Parents are frightened by an easily accessible drug that many have never even heard of. Stacy Huberty of Hastings, Minnesota learned of synthetic marijuana in a very disturbing way. She received a call from her daughter that her 14-year-old son, Sam, had passed out on the bathroom floor after trying it once. She rushed to the hospital where he had been taken.
"It was extremely scary," Huberty recalled. "I reached over to touch his arm, and he was just cold and clammy. I didn't know if he was going to die."
After spending five hours with Sam in the emergency room, the distraught mom spoke to a police officer who was in the hospital's hallway. Hoping to hold someone accountable for giving her teenager this harmful substance to smoke, Huberty asked the officer what he knew about synthetic marijuana. The officer's response "floored" her.
"There is nothing that can be done," she says he told her, "it's not an illegal substance to have" and "no charges could be filed."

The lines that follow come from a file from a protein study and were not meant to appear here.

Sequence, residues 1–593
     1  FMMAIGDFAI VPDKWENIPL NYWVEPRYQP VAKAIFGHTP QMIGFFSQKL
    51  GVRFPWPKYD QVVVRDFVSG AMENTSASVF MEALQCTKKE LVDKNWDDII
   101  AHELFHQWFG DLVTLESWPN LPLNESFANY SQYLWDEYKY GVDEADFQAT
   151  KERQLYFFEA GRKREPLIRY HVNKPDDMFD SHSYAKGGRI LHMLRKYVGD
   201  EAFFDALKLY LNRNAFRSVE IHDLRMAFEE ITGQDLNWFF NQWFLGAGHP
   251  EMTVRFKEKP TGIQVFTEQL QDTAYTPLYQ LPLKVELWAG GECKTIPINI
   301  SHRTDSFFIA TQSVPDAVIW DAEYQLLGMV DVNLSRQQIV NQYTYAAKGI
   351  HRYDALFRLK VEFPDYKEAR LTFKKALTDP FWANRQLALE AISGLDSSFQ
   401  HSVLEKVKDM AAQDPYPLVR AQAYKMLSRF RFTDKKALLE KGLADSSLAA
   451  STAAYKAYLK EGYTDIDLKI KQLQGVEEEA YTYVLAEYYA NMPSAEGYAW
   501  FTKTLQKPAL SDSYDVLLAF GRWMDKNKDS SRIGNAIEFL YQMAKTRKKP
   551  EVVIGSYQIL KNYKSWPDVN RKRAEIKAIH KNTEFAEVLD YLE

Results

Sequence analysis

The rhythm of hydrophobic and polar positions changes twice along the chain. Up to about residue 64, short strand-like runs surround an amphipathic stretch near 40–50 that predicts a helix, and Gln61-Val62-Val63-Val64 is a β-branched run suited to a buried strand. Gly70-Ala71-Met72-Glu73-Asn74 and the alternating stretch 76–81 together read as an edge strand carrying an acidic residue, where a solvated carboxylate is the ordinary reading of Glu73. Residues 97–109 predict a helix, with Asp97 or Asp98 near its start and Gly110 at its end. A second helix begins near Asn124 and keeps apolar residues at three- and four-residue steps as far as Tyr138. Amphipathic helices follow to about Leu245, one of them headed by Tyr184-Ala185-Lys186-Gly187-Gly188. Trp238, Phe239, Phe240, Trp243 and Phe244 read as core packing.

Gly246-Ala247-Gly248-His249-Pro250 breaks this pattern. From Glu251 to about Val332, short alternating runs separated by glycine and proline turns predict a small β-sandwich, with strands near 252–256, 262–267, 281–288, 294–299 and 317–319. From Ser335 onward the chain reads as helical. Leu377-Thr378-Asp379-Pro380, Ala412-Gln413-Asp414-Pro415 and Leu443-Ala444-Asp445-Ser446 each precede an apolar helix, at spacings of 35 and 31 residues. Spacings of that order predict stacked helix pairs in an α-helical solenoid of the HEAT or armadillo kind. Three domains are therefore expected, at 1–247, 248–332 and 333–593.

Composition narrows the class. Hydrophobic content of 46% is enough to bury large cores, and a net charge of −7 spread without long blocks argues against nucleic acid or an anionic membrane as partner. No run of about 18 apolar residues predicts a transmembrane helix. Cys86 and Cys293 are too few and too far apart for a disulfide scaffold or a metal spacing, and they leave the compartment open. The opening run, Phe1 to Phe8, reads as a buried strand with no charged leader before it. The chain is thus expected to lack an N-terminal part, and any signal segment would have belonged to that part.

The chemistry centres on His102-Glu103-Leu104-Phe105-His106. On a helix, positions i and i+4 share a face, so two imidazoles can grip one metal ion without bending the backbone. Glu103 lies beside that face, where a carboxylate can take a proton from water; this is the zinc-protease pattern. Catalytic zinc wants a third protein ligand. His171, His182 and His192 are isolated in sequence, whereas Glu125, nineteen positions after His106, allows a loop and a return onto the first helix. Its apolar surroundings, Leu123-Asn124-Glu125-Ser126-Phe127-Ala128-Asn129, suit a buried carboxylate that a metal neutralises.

Her painfully-shy son remembers the moment that nearly cost him his life, and the simple question from his cousin that sparked his decision.
"He asked me if I wanted to get high, and I said yeah," Sam Huberty said. "He was like, 'It's kind of like pot. It's legal.'"
Though they may be powerless, police departments around Minneapolis say they are angry that so many of their young people are ending up in the hospital, often suffering from seizures.
"It is very frustrating to us, because there is nothing we can do about it," said Det. Dan Schoen of the Cottage Grove Police Department. "They are not going to stop selling it until they absolutely are forced to."
Paul Hausladen has a ready warning for parents.
"The people that are buying it have no idea how strong it is," he said. "I don't want anyone to go down the same path I went down."